The Brenta Glaciers
In the area there are some glaciers of modest dimensions that cover a total surface area of 204.47 hectares: Lower Vallesinella Glacier, Upper Vallesinella Glacier, Tuckett Glacier, Upper Tuckett Glacier, Upper Brenta Glacier, Brentei Glacier, Northern Sfulmini Glacier, Bocca di Brenta Glacier, Crozzon Glacier, Camosci Glacier, Agola Glacier, Prà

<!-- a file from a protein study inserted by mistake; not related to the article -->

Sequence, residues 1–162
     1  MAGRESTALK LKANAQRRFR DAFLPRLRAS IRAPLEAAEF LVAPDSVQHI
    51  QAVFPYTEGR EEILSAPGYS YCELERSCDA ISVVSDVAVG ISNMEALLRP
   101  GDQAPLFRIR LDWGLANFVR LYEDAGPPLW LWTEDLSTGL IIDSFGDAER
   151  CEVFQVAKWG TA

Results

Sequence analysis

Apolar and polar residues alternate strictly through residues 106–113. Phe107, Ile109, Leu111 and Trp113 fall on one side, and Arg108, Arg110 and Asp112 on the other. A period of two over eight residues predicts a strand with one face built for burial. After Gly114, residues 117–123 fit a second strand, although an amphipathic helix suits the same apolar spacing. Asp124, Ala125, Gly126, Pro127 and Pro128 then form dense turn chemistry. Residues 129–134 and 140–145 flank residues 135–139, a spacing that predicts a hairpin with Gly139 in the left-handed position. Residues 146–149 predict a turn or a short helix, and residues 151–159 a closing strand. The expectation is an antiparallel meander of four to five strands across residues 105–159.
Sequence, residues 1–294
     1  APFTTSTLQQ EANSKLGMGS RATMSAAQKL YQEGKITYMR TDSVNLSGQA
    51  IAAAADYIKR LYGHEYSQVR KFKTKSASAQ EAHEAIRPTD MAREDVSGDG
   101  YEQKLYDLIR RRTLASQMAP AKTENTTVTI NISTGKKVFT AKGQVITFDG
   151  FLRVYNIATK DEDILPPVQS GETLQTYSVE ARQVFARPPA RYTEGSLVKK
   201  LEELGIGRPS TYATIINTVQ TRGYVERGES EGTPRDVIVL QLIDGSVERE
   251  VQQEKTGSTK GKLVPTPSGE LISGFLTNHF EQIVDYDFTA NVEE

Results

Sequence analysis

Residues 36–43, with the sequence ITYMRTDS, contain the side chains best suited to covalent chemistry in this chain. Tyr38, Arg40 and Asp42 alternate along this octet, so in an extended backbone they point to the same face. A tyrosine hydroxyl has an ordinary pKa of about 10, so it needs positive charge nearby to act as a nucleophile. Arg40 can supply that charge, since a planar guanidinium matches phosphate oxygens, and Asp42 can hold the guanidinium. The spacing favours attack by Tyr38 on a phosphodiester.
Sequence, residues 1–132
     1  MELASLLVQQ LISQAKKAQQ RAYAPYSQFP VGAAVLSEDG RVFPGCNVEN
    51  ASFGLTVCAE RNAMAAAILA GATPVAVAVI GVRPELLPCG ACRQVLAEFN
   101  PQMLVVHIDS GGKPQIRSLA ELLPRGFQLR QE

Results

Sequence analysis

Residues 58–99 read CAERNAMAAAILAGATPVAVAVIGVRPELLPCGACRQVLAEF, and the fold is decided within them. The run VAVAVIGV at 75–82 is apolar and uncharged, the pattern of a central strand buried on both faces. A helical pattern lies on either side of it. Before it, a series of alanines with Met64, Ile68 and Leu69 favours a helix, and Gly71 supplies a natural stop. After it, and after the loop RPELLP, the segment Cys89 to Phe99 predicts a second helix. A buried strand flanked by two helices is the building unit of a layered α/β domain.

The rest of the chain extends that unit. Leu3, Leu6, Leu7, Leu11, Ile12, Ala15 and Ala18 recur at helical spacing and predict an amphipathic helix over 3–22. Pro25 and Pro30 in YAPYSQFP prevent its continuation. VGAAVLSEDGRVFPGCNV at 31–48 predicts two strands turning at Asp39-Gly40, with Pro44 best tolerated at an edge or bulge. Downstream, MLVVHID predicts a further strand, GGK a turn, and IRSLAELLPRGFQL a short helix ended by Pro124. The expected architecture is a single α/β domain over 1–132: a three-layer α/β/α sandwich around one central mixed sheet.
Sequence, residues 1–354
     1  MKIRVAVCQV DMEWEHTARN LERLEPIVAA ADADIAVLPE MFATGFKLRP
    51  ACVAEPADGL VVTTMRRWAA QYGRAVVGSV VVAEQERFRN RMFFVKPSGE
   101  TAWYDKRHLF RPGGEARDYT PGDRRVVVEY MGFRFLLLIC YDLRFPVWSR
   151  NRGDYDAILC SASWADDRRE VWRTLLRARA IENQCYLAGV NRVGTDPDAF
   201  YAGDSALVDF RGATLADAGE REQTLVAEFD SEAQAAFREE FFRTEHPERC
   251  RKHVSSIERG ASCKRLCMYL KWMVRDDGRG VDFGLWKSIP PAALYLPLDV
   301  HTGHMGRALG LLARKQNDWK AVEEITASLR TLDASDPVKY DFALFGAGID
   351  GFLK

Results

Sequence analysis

Fiorì Glacier, XII Apostoles Glacier, Sacco Glacier, Ambiez Glacier. The Lower Vallesinella Glacier is situated in a deep, narrow valley and, as with many glaciers in Brenta, is enclosed between steep rocky walls characterized by peaks that reach almost 3000 m (Campanile di Vallesinella and Cima Falkner). It is fed by both direct snowfall and avalanches. Its current surface area is less than 10 hectares. The Italian Glacier Register (1962) considered it joined to the Upper Vallesinella Glacier (649.1), attributing to it a total surface area of 38 hectares. The front retreated by around 35 m between 1995 and 1998 and the surface area is almost completely covered with detritus. The Upper Vallesinella Glacier was considered separate from the Lower Glacier already in the Italian Glacier Register (1962). It is set in the northern slopes of Cima Sella. The last surveys, relating to the ‘90s, attributed a surface area of less than 2 hectares, and from the end of the ‘90s the glacier was considered extinct. The Tuckett Glacier is situated in the deep narrow valley that culminates in the Bocca di Tuckett and has recently undergone considerable morphological transformations, subdividing into different parts and losing entire portions. In 1995 there was the spectacular detachment of a section of the glacier that then melted, causing a retreat of the upper front of 100 m in one year. Until the end of the 1800s it was one of the main glaciers in the Brenta Group and had a surface area of around 66 hectares, reducing to around 50 hectares as reported in the Italian Glacier Register in 1962. Today the surface area is less than 15 hectares. A few years ago it was completely cut off from its connection with the Cima Brenta hanging glacier. It is fed mainly by avalanches that fall from the rocky walls that surround it, but, given its relatively low altitude, in the last few years the residual snow has melted completely and so cut off its supply. Recently, a considerable increase in detritus has been observed, especially in the lower part. With the current climatic tendencies, the Tuckett Glacier is destined to undergo further transformations along with almost all the glaciers in the Brenta Group. Below the glacier interesting glacial morphologies may be observed, such as the sharp, right lateral moraine from the Small Ice Age (1550-1850) that in part is crossed to reach the Bocca di Tuckett. The Upper Tuckett Glacier recently broke away from the Tuckett Glacier (650.0) and is now considered a distinct entity. The spectacular hanging ice cap is situated on the north-west slope of Cima Brenta. The surface area is around 5 hectares and is fed directly by snowfall. The Upper Brenta Glacier is located in a narrow valley cut in the north-west side of the Cima Brenta massif. It is a small glacier which, along with all the other Brenta glaciers, has suffered a great reduction in surface area and thickness over recent years. The Italian Glacier Register (1962) attributed a surface area of 15 hectares, while, according to surveys carried out in the early ‘90s, it has reduced to around 4.5 hectares. The Brentei Glacier is in a narrow valley situated to the south of the Cima Brenta massif. It has by now reduced to next to nothing and is almost completely covered with detritus. The glacier is supplied by snowfall but also by avalanches that discharge from the side of the mountain. The Italian Glacier Register (1962) attributed a surface area of 10 hectares, which reduced to 4.5 by the mid-‘90s. The Southern Sfulmini Glacier occupies a large cirque dominated by Cima d’Armi and by Torre di Brenta, in one of the most enchanting and spectacular areas in the Brenta Group. In the mid-‘90s the front reached an altitude of 2620 m,, while the surface area in the same period was 9.5 hectares. The Italian Glacier Register (1962) reported a surface area of 18 hectares, but at the time the glacier was still joined to n° 653.1. The lower part is abundantly covered with detritus. It is fed by snowfall and by avalanches that fall on the section that covers the side of the Torre di Brenta massif. The front retreated by around 25 m between 1990 and 1996. The Bocca di Brenta glacier has by now reduced to next to nothing and is preserved only thanks to its favourable exposure and topographical location, with walls that surround it on three sides. It is located in the narrow valley that leads to the Bocca di Brenta and already at the beginning of the ‘90s was subdivided into three distinct bodies by a series of rocky cornices. At the end of the summer, the basin which contains the remains of the glacier is often full of residual snow that accumulated during the winter avalanches. The total surface area of the three portions was around 3 hectares at the beginning of the ‘90s, while the Italian Glacier Register (1962) attributed a surface area of 4 hectares. The Crozzon Glacier is distinctly subdivided into two areas, a level area that occupies the top of Cima Tosa (3170 m) and a steep section wedged in the canyon between Cima Tosa and Crozzon di Brenta. At the bottom of the canyon the glacier fans out, resting on a large rocky cornice. In this area the glacier reaches an altitude of around 2300 m, among the lowest in the Brenta Group. The part at the summit is fed mainly by direct snowfall, while the canyon is fed mainly by avalanches. The ice cap at the summit has reduced a lot over recent years, while the canyon has not undergone any major modifications, excluding a general “thinning”. The Camosci Glacier is situated in a valley cut between the Cima Tosa massif – Crozzon di Brenta and the Cima di Val Stretta. The lower part is abundantly covered by talus, while a rocky outcrop roughly halfway up the glacier is separating it into two distinct parts. It is fed both by direct snowfall and accumulations after avalanches that are discharged from the surrounding rocky walls. The Italian Glacier Register attributed a surface area of 27 hectares, reduced to around 23.5 at the beginning of the ‘90s, after which the front retreated by around 80 m. The Agola Glacier is the most extensive in Brenta and may be considered representative of all the glaciers of the mountain group. As with many other glaciers in the group, in fact, it is found at a relatively low altitude (from 2600 to 2900 m) and is preserved thanks to the protection offered by the steep rocky walls that surround it (an arcing rocky ridge that culminates with Cima d’Agola and Cima d’Ambiez). It is characterized by a triangular form with a well defined toe area that does not have any significant covering of detritus. There are some transversal crevasses in this area. The glacier is fed by various means but of particular importance are the avalanches that fall on the upper part of the glacier where the last margins of the residual winter snow are preserved. Until a few decades ago it was connected to the nearby Camosci Glacier by the saddle of the same name, which today can easily be crossed without treading on snow. The Italian Glacier Register (1962) noted in this area a retreat of 13 m from 1911 to 1950 and a further 27 m from 1950 to 1958. The surface area has also suffered a drastic reduction, from 44 hectares at the end of the 1800s, to 34 hectares in 1962 (The Italian Glacier Register), to 25 in 1991 to its current 23 hectares (data from 1997). In the surrounding area there are interesting dolomitic glacial morphologies, such as roche moutonnée arranged in steps (rocky outcrops smoothed and polished by the passage of the glacier) and the imposing and sharp left lateral moraine dating back to the Small Ice Age (1550- 1850), certainly one of the biggest in the Brenta Group. The Prà Fiorì Glacier is situated in a ba sin delimited by a crest line that culminates at Cima Prato Fiorito. It may be considered as a typical cirque glacier, even though the basin it is located in, is rather wide and open. Due to its characteristics, this glacier was considered representative of all the Brenta Group and, from the 1990s the Trentino Glaciological Committee have followed its evolution carefully and accurately, carrying out precise topographical surveys of its surface every year. The surface area of the glacier was calculated by Richter (1888) as 39.6 hectares and reduced to around 27 in the 1960s (Italian Glacier Register, 1962). According to the last surveys the surface area has gone from 11 hectares in 1990 to 8.3 in 1999 with a reduction of around 80% in 110 years. Over the last few years it has suffered a dramatic reduction in thickness, confirmed by the emergence of a rocky step a little way above the toe area, a step that has broken the body of the glacier into two parts. The lowering of the surface, measured with topographical surveys was around 8-10 m between 1990 and 1995. The 12 Apostles Glacier occupies a large cirque situated at the top of the Val di Sacco and is delimited by the Croz di Selvata peak, Padaiola and Padaiola Bassa. It has greatly reduced in surface area and currently is made up of a layer of sub-rectangular ice resting on the rocky walls behind. It is fed by direct snowfall but the avalanche accumulations also play an important role. The Sacco Glacier is almost entirely covered by a thick blanket of detritus which makes it difficult to detect. It is the remainder of a glacier that is preserved thanks to the favourable exposure and the covering of detritus. It is on the bottom of a narrow cirque cut into the south-west slope of Cima di Vallon. The Italian Glacier Register (1962) reported data that referred to 1911 and attributed a surface area of only 5.5 hectares. At the beginning of the ‘90s the remaining surface area and detritus cover was estimated at just less than 3 hectares. The Ambiez Glacier is situated at the head of its homonymous valley, in a narrow valley cut into the southern slope of Cima Tosa. It is one of the few south facing glaciers of the Brenta Group, an unfavourable exposure with regard to its preservation. It is mostly covered with detritus and in the lower part there are also large masses due to the collapse of Torre Jandl in 1957. The Italian Glacier Register reported a surface area of 12 hectares, while the calculations for the beginning of the ‘90s attributed an area of around 10 hectares. It is fed both by direct snowfall and avalanche accumulations, with a series of well visible residual snow fans on the upper part of the glacier at the end of summer. There are imposing moraines from the Small Ice Age (1550-1850) visible just above the Agostini Refuge.